So what of Labor’s record of job creation when it was last in government? In December 1992, when Labor was still in office and Kim Beazley was minister for employment, the unemployment rate peaked at 10.9 per cent. Indeed, in Labor’s last two terms in office the unemployment rate averaged 9.2 per cent. In June 1996, shortly after the Howard government was first elected, the unemployment rate was more than eight per cent. In the intervening period, the unemployment rate has fallen by around three per cent so that in October this year it stood at 5.2 per cent. In fact, employment is at a record high level of more than 10 million people, with 7.1 million people in full-time employment. The average annual jobs growth under the coalition has been 175,000 jobs, compared with 101,000 in the last seven years under Labor. During Labor’s final two terms of office, just 53,400 full-time jobs were created.

Research commissioned by the Business Council of Australia has indicated that in the absence of the government’s workplace relations reforms the average unemployment rate would have been 8.1 per cent in 2004 rather than 5.8 per cent. In other words, unemployment is over two per cent lower than would have otherwise been the case. I am confident that Work Choices will create enhanced employment opportunities in service industries such as tourism in particular. It is the tourist industry more than almost any other which will benefit from these changes.

Finally, let me say something about the creation of a unitary workplace relations system. This new federal system will apply only to constitutional corporations. This generally means companies and businesses incorporated under state and federal legislation. As a result, the changes will not apply to those employees not employed by constitutional corporations, and consequently they will remain within the state system. In Western Australia, this has been a matter of some controversy. Australia is a federation with a Constitution that gives the federal government very defined powers and which effectively diffuses powers between the central government and the various states. As many authorities, including Professor Greg Craven, have observed, the spirit of federalism is under some stress in contemporary Australia. The external affairs power and other powers have been used in ways never envisaged by the founding fathers to effectively broaden the scope of federal power and to take on responsibilities which are seen in some quarters, perhaps, as more rightly those of the states.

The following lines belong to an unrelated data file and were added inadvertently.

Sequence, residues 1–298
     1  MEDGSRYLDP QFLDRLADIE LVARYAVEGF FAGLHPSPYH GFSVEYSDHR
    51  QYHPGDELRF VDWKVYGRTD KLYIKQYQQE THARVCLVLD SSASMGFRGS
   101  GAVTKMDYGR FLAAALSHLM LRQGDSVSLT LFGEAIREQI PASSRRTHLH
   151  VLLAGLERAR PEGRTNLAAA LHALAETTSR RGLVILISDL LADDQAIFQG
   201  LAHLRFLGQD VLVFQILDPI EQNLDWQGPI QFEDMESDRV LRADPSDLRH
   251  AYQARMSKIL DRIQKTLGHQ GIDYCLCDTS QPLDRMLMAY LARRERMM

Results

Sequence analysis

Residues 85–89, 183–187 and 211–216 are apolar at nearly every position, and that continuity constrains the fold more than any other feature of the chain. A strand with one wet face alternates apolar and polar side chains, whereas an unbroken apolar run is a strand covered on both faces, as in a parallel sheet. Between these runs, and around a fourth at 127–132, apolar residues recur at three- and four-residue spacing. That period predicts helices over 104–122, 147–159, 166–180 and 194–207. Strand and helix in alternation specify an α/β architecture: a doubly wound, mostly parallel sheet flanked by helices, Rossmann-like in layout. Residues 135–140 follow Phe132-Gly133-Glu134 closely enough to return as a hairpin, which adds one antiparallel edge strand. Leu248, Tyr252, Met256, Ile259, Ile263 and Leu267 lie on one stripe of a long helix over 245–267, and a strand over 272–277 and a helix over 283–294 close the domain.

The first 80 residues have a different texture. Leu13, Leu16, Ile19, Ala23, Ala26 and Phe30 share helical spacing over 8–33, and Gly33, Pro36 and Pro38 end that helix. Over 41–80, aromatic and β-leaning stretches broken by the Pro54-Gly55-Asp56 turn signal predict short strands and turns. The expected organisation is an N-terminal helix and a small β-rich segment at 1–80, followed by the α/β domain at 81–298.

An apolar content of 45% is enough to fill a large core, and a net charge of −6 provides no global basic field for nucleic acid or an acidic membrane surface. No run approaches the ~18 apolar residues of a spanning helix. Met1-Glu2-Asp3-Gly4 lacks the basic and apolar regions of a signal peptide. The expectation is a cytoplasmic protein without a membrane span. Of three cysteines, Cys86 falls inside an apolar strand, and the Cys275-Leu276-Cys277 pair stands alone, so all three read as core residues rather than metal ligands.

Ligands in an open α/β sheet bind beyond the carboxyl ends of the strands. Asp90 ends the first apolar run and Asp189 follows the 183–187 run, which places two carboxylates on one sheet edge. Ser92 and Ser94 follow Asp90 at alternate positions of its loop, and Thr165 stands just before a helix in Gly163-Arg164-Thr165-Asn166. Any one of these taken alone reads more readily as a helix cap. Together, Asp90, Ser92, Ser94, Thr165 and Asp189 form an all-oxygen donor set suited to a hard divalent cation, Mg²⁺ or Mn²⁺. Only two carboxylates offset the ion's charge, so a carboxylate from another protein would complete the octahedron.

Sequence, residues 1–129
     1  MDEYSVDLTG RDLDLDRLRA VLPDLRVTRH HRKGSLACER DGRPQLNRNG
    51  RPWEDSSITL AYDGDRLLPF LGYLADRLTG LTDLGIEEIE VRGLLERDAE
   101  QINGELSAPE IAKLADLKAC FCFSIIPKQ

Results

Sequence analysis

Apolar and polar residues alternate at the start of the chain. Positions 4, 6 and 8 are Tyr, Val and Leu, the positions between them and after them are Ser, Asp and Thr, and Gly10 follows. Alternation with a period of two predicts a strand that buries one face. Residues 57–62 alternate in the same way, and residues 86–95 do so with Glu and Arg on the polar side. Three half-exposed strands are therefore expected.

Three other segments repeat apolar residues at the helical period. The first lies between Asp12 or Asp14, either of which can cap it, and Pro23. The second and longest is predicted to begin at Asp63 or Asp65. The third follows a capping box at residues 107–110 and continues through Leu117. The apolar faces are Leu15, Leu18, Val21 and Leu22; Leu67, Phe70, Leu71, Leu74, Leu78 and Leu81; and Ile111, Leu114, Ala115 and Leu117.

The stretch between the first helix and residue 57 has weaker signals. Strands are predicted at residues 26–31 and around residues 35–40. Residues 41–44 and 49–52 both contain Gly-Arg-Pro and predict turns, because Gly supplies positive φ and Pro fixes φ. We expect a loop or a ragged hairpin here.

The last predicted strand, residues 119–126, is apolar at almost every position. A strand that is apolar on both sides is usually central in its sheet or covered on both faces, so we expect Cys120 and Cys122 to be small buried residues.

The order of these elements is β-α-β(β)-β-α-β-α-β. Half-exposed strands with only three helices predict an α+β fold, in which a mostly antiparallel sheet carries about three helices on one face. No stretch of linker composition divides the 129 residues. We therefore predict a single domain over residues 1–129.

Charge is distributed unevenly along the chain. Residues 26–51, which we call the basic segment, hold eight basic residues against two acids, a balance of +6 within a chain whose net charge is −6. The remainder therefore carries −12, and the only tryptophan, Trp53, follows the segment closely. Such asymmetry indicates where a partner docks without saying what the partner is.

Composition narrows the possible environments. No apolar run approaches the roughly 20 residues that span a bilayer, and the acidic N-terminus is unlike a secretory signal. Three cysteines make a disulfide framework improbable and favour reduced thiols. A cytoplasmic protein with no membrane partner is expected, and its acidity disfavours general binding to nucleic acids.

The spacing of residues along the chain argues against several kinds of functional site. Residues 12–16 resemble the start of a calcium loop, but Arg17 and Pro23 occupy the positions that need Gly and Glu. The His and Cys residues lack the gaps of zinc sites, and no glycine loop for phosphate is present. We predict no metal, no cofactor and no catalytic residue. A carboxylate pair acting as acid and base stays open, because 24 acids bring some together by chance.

In Western Australia there is a body of opinion that would prefer Work Choices did not create an overarching national workplace relations system and that the states retained their ability to maintain their own systems so that there was a choice between the federal and state industrial relations systems. This view is based on the experience Western Australians had when the Gallop government came into office and immediately abolished workplace agreements and the industrial relations system which Mr Richard Court had introduced during his period in office. In the view of many, Geoff Gallop and his government took industrial relations in Western Australia back to the 1970s. As a result, many WA industries switched to the federal system and in WA there is, I have to concede, some concern that if and when the Labor Party regains office federally—which I doubt will be in the near future—the option of switching back to a, hopefully, more congenial state system will not exist. I have explained the argument for choice within the forums of the government and put the Western Australian position. Now, having listened to the arguments on both sides, I have decided on balance to support the concept of a national system for corporations because of the economic benefits to Australia as a whole.

In conclusion, Work Choices is a system that will ensure greater productivity gains for industry and workers across this country. It is a system that will allow employers and employees to sit down together to negotiate wages and conditions whilst supplying the safety net of the Australian fair pay and conditions standard. Under the Howard government’s program of reform, Australia has undergone much needed changes such as the introduction of an indirect taxation system and reform of the waterfront. Industrial relations reform is perhaps the most important step forward in making this country a more internationally effective economy, so giving all Australians a more prosperous future in an ever-changing and more competitive world.